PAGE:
• Psychological (APR-DRG 750, 751, 753).

  • Renal failure (APR-DRG 460).

  • Septicemia (APR-DRG 720).

  • Bowel procedure (APR-DRG 221).

  • Orthopaedic (APR-DRG 301, 302, 308).

UHC staff identified cases and controls for the study from the UHC Clinical Database (CDB), a data repository maintained by UHC and composed of patient-level clinical data from member organisations. Cases were enrolled in reverse chronological order by discharge date, beginning with eligible discharges on 31 December 2008 and proceeding back in time without skipping any eligible case based on inclusion and exclusion criteria, until 30 cases experiencing same-hospital readmission were enrolled from each participating hospital. Matching of cases and controls was conducted at the hospital level based on admission diagnosis, discharge disposition, and severity of illness. Severity of illness was assigned based on All Patient Refined Diagnosis Related Groups.13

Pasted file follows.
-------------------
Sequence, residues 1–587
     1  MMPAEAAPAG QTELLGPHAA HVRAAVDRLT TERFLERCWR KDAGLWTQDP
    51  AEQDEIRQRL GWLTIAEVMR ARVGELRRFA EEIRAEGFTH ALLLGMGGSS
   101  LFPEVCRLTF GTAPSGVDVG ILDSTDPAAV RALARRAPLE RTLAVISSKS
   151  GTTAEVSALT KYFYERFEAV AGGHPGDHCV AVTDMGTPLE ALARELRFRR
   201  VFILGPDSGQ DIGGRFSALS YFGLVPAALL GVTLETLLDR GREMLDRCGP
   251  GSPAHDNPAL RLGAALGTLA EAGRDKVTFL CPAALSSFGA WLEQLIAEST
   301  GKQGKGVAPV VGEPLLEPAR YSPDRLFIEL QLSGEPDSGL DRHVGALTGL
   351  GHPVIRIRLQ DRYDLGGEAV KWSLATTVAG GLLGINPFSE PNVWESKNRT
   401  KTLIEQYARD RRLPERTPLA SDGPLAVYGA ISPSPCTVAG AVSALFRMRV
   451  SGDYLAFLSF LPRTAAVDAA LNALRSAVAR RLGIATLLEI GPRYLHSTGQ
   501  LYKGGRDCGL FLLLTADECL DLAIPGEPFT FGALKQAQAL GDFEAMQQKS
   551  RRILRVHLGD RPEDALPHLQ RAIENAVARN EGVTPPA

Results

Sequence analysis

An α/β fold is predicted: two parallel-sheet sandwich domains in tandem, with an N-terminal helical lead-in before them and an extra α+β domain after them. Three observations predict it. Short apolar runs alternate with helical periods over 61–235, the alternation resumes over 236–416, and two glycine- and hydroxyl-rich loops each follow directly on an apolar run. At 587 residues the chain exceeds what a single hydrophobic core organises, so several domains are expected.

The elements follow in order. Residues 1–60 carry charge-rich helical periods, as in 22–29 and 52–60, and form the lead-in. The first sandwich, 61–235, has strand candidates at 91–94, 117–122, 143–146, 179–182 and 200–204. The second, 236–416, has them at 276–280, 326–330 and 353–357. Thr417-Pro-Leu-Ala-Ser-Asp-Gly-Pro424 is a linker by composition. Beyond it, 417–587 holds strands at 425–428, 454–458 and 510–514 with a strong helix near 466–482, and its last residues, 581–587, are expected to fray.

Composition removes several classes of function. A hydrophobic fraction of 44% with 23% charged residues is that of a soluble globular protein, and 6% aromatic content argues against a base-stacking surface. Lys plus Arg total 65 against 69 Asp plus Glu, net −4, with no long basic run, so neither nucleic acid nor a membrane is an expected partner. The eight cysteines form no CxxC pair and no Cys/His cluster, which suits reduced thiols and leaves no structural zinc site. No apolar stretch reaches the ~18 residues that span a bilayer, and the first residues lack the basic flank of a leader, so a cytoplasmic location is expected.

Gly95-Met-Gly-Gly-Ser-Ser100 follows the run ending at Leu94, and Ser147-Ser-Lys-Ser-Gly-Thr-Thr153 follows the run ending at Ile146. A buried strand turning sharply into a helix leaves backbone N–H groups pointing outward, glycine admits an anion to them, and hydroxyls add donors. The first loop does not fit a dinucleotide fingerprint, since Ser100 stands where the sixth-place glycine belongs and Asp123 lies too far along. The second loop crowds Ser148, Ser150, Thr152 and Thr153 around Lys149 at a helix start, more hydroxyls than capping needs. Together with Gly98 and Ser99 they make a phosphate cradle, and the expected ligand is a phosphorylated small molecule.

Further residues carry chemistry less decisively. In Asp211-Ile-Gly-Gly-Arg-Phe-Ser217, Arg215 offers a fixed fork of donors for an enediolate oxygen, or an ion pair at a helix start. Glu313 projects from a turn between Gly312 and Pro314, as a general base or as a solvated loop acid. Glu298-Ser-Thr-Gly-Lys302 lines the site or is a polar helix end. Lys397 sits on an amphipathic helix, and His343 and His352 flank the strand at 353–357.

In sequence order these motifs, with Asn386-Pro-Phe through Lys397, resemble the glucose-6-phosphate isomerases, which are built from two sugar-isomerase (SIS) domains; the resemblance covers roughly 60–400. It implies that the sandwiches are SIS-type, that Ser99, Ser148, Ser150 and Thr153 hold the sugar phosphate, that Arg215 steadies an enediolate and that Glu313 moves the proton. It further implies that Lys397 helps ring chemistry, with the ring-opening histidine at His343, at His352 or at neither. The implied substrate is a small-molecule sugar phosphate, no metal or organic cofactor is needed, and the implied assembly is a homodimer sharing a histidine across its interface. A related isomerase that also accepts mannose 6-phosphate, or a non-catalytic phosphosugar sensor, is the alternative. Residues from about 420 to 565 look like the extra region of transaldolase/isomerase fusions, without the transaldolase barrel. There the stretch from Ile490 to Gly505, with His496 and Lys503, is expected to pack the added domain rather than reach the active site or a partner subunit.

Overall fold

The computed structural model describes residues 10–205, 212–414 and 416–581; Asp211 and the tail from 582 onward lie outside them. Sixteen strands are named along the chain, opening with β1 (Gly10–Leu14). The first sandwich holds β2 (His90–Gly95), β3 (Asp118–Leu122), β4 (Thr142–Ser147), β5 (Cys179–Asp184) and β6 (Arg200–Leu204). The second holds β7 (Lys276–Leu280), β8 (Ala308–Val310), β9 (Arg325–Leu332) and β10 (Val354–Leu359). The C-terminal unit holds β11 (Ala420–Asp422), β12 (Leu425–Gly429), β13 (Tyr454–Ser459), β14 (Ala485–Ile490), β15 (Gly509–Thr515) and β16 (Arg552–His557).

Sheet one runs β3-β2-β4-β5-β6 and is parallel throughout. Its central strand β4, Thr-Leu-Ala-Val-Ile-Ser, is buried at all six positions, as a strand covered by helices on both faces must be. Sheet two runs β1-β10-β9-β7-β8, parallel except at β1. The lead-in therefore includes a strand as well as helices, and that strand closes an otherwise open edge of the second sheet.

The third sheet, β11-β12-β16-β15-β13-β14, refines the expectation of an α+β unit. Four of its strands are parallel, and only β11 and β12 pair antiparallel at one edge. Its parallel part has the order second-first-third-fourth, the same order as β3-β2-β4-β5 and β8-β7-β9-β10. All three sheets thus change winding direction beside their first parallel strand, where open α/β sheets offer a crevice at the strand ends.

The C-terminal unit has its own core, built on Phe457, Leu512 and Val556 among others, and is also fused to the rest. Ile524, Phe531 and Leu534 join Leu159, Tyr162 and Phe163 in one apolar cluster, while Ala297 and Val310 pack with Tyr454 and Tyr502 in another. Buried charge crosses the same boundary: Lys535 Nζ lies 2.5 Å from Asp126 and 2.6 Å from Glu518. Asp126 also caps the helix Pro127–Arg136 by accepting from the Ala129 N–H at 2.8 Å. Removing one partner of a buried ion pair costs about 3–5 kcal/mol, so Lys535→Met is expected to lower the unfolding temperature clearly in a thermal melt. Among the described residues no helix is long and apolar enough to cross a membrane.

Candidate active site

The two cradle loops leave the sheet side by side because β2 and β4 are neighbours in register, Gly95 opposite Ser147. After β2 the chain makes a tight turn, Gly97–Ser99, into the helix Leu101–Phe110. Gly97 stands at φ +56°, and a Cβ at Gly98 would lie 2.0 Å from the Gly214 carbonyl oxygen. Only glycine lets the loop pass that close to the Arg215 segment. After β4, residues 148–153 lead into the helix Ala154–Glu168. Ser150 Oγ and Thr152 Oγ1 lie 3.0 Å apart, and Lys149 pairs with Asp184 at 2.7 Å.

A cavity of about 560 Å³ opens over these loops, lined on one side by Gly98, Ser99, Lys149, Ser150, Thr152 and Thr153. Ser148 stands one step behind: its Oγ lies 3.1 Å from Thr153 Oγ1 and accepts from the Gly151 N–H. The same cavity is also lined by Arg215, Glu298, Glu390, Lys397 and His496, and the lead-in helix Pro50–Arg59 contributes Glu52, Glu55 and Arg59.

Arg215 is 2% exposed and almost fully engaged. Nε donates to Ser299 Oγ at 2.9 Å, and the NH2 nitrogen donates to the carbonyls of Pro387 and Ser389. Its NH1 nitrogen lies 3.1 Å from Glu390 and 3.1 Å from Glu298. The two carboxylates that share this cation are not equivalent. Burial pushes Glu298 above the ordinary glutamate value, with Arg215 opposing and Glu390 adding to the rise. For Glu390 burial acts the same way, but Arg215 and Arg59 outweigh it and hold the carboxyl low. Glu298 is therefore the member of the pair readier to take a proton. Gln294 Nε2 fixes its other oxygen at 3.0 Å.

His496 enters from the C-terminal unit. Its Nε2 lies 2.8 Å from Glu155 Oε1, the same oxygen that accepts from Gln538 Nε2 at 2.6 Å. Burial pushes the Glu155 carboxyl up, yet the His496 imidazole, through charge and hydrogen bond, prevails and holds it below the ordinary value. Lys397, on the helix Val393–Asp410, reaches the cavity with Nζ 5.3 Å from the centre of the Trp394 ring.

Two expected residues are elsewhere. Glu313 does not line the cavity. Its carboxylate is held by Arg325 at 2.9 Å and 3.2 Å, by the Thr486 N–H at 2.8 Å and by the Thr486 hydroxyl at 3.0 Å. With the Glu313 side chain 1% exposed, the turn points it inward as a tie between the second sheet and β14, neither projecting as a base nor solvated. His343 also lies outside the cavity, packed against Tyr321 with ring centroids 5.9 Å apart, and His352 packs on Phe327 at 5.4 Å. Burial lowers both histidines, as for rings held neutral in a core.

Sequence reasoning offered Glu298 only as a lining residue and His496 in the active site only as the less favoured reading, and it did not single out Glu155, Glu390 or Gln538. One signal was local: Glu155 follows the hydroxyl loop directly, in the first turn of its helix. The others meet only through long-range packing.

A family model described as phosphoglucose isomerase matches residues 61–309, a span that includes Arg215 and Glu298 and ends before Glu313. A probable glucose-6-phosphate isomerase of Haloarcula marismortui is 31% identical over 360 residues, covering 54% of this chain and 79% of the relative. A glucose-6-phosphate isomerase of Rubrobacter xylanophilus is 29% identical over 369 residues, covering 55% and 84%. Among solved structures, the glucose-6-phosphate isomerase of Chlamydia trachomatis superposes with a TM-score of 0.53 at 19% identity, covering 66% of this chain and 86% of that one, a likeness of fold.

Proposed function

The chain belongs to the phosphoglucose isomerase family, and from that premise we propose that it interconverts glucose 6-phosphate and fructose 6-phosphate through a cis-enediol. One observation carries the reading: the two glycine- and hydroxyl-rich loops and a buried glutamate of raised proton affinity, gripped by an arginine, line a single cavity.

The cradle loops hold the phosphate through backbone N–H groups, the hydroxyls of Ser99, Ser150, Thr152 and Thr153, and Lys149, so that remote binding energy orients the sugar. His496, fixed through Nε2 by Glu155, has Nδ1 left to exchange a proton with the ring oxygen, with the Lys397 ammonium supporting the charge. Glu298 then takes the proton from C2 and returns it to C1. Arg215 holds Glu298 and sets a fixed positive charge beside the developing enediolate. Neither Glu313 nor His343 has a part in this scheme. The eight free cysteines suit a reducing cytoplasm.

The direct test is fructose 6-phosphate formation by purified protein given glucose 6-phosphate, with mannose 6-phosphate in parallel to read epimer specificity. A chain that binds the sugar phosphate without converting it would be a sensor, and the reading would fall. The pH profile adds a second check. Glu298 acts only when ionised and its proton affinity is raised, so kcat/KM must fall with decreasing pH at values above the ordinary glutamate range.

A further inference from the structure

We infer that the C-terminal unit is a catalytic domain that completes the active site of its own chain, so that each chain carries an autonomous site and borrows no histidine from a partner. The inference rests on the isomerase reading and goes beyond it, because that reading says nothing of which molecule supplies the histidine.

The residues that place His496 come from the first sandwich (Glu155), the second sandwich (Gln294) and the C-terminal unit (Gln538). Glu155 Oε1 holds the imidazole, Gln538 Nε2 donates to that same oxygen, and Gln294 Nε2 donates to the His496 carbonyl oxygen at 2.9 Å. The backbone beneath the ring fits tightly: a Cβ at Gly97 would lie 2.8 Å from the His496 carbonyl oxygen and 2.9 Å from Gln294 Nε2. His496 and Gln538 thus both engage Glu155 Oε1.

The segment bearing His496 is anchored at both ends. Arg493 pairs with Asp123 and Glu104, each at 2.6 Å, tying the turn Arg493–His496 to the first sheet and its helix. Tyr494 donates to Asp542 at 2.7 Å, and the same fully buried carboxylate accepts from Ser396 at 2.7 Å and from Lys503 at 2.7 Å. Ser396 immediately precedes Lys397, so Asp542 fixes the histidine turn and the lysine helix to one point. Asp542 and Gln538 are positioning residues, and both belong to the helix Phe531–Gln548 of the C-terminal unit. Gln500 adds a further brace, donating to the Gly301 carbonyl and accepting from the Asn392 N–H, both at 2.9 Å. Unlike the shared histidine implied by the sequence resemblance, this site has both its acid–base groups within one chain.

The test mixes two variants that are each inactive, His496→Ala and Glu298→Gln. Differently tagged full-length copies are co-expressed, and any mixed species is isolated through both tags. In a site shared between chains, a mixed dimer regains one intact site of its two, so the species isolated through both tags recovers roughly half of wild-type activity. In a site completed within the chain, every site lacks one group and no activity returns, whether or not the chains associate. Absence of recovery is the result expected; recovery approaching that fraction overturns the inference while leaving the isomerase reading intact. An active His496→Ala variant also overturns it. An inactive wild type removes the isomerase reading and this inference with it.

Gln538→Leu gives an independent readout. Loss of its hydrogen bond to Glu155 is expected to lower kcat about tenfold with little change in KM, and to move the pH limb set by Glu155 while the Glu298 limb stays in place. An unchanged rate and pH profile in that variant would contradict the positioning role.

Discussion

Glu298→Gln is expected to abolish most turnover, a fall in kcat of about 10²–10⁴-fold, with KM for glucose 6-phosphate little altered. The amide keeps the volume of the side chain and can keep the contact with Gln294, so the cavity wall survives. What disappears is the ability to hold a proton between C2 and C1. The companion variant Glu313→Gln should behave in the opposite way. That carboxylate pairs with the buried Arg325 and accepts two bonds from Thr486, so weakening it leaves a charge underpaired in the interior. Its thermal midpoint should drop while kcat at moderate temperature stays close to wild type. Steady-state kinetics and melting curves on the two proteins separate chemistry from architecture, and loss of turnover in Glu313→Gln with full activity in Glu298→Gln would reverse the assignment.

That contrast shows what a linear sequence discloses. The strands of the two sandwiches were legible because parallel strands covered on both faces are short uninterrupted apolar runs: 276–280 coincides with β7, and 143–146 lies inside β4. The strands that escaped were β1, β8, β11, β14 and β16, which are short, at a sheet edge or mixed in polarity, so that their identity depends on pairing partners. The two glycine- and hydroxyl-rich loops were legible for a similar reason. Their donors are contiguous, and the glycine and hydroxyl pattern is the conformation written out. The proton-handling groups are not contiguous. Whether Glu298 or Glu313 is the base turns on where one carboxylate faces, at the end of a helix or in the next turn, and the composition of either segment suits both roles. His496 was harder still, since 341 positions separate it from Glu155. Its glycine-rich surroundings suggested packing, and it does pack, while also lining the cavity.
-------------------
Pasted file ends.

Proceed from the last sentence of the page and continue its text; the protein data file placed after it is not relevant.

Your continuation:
Patient data were taken from the UHC CDB or were collected by chart abstraction by staff with previous UHC-related training and experience in medical record data abstraction. Data were entered into an electronic data entry tool. Abstractors were not blinded to the readmission outcome. Project staff reviewed index admission records for patient demographics (age, gender and race/ethnicity) and for the following components of the discharge process: discharge summary (presence of summary within 7 days of discharge and documentation of reason for hospitalisation, hospital course, procedures, results of procedures, plan for follow-up and full medication list), documentation that discharge summary was forwarded to an outpatient physician, documentation of delivery of discharge instructions to the patient and/or caregiver (including the following: full medication list, instructions on when to hold medications, symptoms requiring medical attention, discharging physician contact information), medication reconciliation and number of discharge medications, presence of scheduled medical follow-up at the time of discharge.